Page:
The University of Chicago no longer requires the SAT/ACT. More background here, here, here and here. Let’s discuss for a week. Day 4.

James G. Nondorf is either a knave or a fool.

In addition, the university announced a new program in which it will invite students to submit a two-minute video introduction of themselves. And the university will allow self-submission of transcripts to minimize the need for students to pay fees.

“Today, many underresourced and underrepresented students, families and school advisers perceive top-ranked colleges as inaccessible if students do not have the means to help them stand out in the application process,” said James G. Nondorf, vice president and dean of admissions at Chicago. He added that UChicago Empower, as the initiatives are collectively being called, “levels the playing field, allowing first-generation and low-income students to use technology and other resources to present themselves as well as any other college applicant. We want students to understand the application does not define you — you define the application.”

“You define the application”?!? What sort of gibberish is that?

Nondorf strikes me as a hustling self-promoter, using the resources of Chicago to promote his own brand. Or he’s just stupid:

Many colleges have found that students’ transcripts — their high-school grades and rigor of courses — are the most-valuable predictors of future performance. “The transcript tells such a powerful story for us,” Nondorf said. “We went from department to department to see who the stars were. Does testing tell us who’s going to be the best art historian? The answer is No.”

Restricted range, anyone? Consider height in basketball. Being tall is (obviously!) a huge advantage in basketball, at every level of the game. But, within each level, height is poorly correlated with success because everyone at that level is tall. In the NBA, for example, there is very little (any?) correlation between height and salary. The range of height in the NBA is too narrow to fully see the importance of height to success.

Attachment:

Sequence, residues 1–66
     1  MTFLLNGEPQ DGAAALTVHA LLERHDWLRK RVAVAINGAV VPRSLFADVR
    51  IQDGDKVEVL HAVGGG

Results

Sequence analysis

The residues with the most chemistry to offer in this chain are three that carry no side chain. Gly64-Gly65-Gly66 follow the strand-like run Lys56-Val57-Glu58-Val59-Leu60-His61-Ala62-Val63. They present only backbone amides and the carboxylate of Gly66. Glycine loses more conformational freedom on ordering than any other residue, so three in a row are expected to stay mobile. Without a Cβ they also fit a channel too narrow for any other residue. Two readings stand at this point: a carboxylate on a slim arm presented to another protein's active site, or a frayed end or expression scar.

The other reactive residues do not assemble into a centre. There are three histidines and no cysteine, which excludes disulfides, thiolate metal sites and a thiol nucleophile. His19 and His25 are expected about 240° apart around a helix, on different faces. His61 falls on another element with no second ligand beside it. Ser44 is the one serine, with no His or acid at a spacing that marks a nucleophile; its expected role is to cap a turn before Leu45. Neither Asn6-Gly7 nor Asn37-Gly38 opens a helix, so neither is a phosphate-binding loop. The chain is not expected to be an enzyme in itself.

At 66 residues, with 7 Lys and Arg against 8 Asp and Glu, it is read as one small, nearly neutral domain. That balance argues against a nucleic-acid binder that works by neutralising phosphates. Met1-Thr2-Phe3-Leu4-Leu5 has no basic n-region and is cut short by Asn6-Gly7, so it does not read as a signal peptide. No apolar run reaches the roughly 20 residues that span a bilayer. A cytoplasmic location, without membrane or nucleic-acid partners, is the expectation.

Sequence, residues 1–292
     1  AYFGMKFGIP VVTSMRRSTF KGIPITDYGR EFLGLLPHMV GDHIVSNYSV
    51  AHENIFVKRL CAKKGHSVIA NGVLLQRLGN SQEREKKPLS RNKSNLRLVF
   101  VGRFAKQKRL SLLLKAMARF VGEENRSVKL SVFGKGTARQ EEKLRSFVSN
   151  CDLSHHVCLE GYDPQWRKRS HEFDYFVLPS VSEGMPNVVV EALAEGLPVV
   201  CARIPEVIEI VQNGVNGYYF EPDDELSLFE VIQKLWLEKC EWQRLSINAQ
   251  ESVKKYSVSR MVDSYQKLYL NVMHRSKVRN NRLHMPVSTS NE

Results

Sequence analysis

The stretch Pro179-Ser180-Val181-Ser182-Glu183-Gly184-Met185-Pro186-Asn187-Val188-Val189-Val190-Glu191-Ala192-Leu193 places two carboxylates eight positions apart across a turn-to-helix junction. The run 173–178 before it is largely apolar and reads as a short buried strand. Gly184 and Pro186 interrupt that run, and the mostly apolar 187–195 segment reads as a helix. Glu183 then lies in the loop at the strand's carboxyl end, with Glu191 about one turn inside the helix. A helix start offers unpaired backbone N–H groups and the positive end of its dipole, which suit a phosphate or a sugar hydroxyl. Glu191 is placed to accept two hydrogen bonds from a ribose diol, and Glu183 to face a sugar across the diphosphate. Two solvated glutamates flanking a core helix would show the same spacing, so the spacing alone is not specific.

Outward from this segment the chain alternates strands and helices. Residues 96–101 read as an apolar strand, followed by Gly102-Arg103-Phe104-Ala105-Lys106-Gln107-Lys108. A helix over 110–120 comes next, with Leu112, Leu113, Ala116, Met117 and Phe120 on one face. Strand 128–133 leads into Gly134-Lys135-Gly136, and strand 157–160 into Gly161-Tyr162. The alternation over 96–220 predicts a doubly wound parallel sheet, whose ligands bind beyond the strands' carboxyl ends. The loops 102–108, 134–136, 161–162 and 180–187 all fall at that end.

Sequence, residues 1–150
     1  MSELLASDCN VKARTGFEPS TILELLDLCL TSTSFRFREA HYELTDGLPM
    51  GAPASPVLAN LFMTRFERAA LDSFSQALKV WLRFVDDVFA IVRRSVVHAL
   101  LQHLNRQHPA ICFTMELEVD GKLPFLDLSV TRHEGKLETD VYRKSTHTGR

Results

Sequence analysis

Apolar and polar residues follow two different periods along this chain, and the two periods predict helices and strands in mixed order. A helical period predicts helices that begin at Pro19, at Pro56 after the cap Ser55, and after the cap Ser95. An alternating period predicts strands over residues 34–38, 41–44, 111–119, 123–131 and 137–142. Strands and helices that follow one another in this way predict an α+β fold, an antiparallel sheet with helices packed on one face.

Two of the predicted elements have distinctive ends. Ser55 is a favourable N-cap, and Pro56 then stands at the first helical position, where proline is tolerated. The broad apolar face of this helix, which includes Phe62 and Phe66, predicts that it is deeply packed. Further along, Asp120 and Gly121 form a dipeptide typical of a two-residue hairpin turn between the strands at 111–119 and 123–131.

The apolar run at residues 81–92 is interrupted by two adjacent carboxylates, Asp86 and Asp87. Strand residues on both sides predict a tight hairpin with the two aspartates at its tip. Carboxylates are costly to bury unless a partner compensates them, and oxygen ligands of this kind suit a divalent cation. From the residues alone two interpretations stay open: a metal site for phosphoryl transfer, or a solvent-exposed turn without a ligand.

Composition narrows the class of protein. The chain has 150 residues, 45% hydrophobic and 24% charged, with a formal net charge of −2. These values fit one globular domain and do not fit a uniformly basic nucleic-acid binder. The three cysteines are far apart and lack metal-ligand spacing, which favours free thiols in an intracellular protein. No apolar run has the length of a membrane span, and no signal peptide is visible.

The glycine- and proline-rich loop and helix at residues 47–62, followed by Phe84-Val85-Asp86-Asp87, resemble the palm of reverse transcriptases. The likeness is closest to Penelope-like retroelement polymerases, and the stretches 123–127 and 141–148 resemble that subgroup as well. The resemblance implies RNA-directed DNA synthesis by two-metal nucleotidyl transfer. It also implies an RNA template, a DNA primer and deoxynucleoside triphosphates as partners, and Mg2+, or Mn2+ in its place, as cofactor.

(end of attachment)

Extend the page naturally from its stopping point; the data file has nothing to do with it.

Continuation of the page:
The same applies to the importance of SAT/ACT scores at Chicago. If 25% of Chicago students score above 1550, then SAT scores will not be a good predictor of the best student in each department, just like height is a bad predictor of who is the best player on each NBA team.

Going forward, I predict that students who did not submit their scores to Chicago when applying will almost never “be the best art historian.”

But the most annoying aspect of Nondorf’s changes is the option — which many students will consider to be a requirement — for submitting a two minute video.

1) As if the college application process is not stressful enough already!

2) As if college consultants — and the college counselors at elite high schools — will not quickly game this process, helping their clients/students produce amazing videos, especially ones that appear to be done solely by the student.

3) As if a video is a useful admissions tool. There is a reason why the vast majority of elite colleges no longer use interviews, either at all (like Williams) or as any part of their decision-making (Harvard). Interviews don’t work!

Facebooktwitter
Print  •  Email